Kollam: The government has started procedures to determine the borders of Vembanad, Ashtamudi and Sasthamkotta Lakes which are the major wetlands in the state. The move to conserve these areas which are identified as Ramsar sites was initiated as widespread encroachment and pollution are destroying them. Five Revenue Divisional Officers (RDO) were assigned to evacuate the encroachments and protect the wetlands.
Kollam RDO C G Harikumar was assigned to conserve Ashtamudi and Sasthamkotta Lakes. As Vembanad Lake is spread over various districts, the RDOs from four districts are in charge of conservation. Anupam Mishra (Alappuzha), Snehil Kumar Singh (Ernakulam), Jolly Joseph (Kottayam) and Afsana Parveen (Thrissur) are assigned for this duty.
The Directorate of Environment directed to start survey of the lakes immediately. The amount for the procedures will be paid by the Kerala State Pollution Control Board. A satellite survey was conducted in these places under the leadership of the State Wetland Authority Kerala (SWAK). However, a land survey is necessary to get the real picture of encroachment.
According to studies, the Ashtamudi Lake that had an area of 53.89 square kilometre has shrunken to 44.77 square kilometre now. Sasthamkotta Lake had an area of 475 hectares in 1982 and it became 373 hecatres by 2002. Also it was found that the area of Vembanad Lake reduced by over 40 percent within a century.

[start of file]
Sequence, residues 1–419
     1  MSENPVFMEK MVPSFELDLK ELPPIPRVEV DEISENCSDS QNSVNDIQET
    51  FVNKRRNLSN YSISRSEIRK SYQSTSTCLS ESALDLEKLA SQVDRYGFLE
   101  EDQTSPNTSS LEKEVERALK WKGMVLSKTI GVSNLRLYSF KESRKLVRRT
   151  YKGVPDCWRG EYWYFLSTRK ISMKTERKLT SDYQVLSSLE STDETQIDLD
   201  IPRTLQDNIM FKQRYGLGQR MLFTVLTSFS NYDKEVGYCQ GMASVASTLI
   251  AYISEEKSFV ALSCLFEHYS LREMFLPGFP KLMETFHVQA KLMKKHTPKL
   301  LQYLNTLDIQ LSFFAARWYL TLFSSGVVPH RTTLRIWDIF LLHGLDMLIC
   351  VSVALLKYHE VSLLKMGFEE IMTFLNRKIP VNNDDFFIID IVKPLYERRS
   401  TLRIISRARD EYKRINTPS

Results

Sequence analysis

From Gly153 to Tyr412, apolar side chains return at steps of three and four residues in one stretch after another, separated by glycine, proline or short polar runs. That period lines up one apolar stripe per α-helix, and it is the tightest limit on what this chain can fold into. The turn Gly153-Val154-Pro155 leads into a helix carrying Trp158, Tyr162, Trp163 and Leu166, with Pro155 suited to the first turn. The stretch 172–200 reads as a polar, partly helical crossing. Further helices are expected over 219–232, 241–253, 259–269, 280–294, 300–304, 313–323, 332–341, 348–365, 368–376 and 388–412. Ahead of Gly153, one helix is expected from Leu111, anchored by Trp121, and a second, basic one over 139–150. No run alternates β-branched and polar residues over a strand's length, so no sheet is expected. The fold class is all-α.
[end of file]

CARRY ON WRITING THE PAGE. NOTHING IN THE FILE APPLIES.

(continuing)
In 2018, a committee headed by Mullakkara Ratnakaran had recommended legislature for the conservation of backwaters and lakes in the state. It was also recommended to plant and nurture mangroves on the borders of backwaters as a bio fence.
Rs 2 crore was handed over to the state as the first instalment of the five-year plan of the Centre for wetland conservation. This amount will be spent for the conservation of wetlands and the protection of biodiversity.
The Ramsar Convention was formed following a world summit held in Ramsar in Iran in 1971 regarding the conservation of wetlands. It was established for the protection and intelligent consumption of the wetlands and resources. Presently, there are 169 members in the treaty which stands for the conservation of 2293 wetlands in the world. 26 wetlands from India also are part of this.